Knowing these techniques can help you build rapport with anyone in 5 minutes (or less!)

Technique One: Make them feel significant.

Right off the bat we see Belfort use a few different trust building techniques. He tells Cardone he is valuable. People want to feel valued and are more likely to have rapport with people that value them. The general rule here is to make them feel special and significant. This means letting them talk and listening carefully to what they say.

Technique Two: Establish your purpose.

Belfort tells Cardone his purpose for the interview at the beginning. This is a highly underrated technique. Generally when you’re talking to someone who you don’t know, both people are trying to figure the other person out and are wondering why the person is talking to them. Eliminate suspicion by telling them exactly what you want and what’s in it for them. This will lower the person’s guard which will help to establish rapport.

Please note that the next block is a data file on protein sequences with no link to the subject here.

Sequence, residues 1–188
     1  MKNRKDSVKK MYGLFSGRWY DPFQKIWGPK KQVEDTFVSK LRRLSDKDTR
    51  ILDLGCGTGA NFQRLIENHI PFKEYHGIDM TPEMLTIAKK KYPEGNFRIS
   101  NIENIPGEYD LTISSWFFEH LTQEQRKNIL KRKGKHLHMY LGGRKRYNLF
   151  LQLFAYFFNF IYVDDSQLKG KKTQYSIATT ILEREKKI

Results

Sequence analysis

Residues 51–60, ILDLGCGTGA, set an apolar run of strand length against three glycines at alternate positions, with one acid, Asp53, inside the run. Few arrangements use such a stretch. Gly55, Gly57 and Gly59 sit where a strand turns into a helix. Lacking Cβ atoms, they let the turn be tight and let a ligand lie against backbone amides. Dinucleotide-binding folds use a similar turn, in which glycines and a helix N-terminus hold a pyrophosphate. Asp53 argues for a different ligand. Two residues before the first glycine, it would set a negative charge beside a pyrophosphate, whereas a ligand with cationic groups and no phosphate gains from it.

Technique Three: Avoid unnecessary conflict.

Belfort avoids unnecessary conflict and instead aims for connection. At the start, Cardone tries to make the fact that they both focus on sales into a competition. Instead, Belfort takes a similarity and uses it to try and connect with Cardone. A quick caveat, I am not saying to avoid conflict, but I am saying that if you’re trying to establish rapport it is best to not start off disagreeing right off the bat. This sends a signal that you are different from each other and potentially enemies.

Technique Four: Focus on esteem building topics.